Wright (1932) felt that in a population with a large effective size there would be virtually no chance for a peak shift. Hence, the population would evolve toward the nearest local peak, and then selection would maintain the population on that local peak, even if a vastly superior adaptive alternative existed. We have already seen an example of this with the j -Hb locus in human populations living in the malarial regions of Africa; most such populations have evolved toward the A/S polymorphic peak even though the fixation for the C peak seems to be a far superior adaptive outcome in terms of average fitness (Figure 11.8), percentage of the population protected against malaria, degree of protection against malaria, and eliminating deleterious side effects such as hemolytic anemia from the population. Because selection could keep populations on inferior adaptive peaks, Wright regarded natural selection as a potential impediment to adaptation when it dominated over genetic drift.
On the other hand, an isolated population of small variance effective size is also not optimal for adaptive evolution. Genetic drift is powerful in such a population, but the primary manifestation of the power of drift is the rapid loss of genetic variation. Without genetic variation, there is no evolution of any sort. What is needed is to simultaneously have demes of small variance effective size but with access to much genetic variation. As shown in Chapters 6 and 9, population subdivision can both induce small variance effective sizes at the local deme level yet maintain higher levels of genetic diversity and additive genetic variance at the global level than an equally sized panmictic species (see equations 6.44 and 9.28). What is needed is the right amount of gene flow between the local demes: too much, and the population becomes effectively panmictic and selection prevents genetic drift from allowing populations to explore the adaptive surface; too little, and the local demes generally have little genetic variation and hence low adaptive potential. Under an island model of population subdivision, Wright (1932) argued that an Nm term (the product of the local variance effective size and the migration rate) of about 1 provided the right balance. This conclusion has been supported by Barton and Rouhani (1993), who showed that peak shifts are most likely if Nm is slightly below 1.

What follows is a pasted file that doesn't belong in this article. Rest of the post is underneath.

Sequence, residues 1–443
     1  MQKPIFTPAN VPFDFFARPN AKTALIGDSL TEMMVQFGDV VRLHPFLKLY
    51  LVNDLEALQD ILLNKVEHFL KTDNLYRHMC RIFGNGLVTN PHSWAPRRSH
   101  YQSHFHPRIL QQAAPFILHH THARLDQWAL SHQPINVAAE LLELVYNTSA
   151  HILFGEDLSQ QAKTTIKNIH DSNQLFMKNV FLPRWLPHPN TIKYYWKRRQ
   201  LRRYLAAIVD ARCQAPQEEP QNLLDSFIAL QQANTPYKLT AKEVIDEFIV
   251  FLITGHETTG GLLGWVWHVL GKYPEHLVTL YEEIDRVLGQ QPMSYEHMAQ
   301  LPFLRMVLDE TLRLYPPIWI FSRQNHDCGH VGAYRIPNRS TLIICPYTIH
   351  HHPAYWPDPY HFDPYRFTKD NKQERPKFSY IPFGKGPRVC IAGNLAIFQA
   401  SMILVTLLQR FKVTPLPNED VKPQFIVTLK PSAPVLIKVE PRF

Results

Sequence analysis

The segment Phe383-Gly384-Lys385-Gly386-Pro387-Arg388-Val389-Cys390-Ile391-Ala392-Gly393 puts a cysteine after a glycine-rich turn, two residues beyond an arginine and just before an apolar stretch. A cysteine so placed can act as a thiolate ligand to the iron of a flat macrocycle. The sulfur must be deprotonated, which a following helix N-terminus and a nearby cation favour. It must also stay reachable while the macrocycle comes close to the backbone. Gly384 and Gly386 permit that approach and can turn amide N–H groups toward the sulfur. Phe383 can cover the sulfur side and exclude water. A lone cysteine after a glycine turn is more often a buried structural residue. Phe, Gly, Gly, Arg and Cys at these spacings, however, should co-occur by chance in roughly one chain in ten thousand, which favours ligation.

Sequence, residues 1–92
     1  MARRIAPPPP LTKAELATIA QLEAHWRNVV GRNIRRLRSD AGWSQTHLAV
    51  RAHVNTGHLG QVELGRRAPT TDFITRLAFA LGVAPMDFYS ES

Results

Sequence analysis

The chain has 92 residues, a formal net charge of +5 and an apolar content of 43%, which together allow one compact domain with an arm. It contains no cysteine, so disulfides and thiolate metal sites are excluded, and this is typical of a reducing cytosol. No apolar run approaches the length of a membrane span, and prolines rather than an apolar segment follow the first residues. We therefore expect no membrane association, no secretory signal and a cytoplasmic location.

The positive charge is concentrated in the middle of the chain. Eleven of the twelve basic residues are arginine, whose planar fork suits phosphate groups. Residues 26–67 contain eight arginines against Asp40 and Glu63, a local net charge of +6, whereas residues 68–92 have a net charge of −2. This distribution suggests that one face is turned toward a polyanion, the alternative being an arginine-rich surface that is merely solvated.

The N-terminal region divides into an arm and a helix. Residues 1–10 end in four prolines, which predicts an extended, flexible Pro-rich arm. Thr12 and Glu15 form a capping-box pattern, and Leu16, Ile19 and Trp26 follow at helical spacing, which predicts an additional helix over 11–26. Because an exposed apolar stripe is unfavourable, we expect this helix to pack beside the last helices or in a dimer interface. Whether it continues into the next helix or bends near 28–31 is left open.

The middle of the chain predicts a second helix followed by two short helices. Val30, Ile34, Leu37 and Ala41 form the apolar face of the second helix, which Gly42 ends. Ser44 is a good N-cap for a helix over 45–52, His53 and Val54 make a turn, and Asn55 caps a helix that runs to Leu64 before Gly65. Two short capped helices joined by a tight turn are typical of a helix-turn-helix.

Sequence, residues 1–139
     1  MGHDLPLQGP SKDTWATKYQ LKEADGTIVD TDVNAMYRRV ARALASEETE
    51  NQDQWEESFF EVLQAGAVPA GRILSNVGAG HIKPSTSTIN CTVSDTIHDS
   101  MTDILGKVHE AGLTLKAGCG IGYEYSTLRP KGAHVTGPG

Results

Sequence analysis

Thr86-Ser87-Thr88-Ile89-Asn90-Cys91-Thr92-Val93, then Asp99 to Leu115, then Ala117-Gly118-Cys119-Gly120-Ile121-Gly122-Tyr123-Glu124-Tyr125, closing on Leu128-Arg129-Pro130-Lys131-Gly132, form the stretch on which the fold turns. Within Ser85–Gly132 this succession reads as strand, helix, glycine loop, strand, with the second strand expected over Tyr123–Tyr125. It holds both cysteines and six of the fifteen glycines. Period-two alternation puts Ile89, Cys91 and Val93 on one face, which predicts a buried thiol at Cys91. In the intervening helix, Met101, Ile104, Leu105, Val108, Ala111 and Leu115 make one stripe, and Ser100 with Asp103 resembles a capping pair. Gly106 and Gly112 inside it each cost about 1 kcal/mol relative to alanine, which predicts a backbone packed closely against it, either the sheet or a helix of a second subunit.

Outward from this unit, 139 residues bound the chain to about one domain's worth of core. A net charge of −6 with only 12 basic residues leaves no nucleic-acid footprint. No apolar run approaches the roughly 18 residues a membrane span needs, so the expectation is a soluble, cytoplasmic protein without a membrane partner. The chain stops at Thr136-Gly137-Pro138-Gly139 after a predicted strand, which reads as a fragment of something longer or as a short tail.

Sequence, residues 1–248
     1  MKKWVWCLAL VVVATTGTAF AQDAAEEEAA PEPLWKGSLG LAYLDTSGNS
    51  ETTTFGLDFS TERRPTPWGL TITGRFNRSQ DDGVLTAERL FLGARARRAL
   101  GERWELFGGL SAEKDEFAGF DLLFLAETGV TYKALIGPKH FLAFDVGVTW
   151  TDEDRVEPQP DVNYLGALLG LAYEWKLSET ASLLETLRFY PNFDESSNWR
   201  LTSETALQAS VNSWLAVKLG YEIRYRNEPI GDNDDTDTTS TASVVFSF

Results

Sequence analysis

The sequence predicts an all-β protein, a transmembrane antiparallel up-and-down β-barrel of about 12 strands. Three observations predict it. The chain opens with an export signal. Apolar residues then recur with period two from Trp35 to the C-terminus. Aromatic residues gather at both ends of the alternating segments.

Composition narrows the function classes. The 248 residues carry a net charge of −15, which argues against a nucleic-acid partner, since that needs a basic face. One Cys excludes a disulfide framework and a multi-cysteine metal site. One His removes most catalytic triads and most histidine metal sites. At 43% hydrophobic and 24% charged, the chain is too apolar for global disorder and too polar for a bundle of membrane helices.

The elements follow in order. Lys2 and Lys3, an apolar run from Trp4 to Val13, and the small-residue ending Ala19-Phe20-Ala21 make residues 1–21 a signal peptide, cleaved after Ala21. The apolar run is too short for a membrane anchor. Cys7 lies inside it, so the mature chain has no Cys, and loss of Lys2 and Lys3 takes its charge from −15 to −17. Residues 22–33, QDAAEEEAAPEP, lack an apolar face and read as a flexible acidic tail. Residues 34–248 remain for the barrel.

To illustrate peak shifts in a subdivided population, a computer simulation was run using the same fitness parameters as that given in Figure 12.3 and with the local variance effective size being 100, as in Figure 12.4, but now with an island model of gene flow with m = 0.01. Hence, Nm = 1 in these simulations. As before, we assume that the population had adapted to a previous environment with an equilibrium p = 0.3. More of the local demes will tend to go to the p = 0 peak than the p = 1 peak upon the environmental change, so we will assume that the average frequency of the A allele in the global population is 0.1. Note that 0.1 is well below the threshold of p = 3 that separates the domain of the lower peak from that of the higher. Hence, gene flow in these simulations acts as a directional force to bring local populations to the lower fitness peak. Figure 12.5 shows the evolution of eight local demes, each starting with p = 0.3 but receiving input at rate m = 0.01 every generation from the global gene pool with p = 0.1. As can be seen, two of the eight local demes still evolved toward the higher peak (although gene flow now prevents fixation of A). Obviously,
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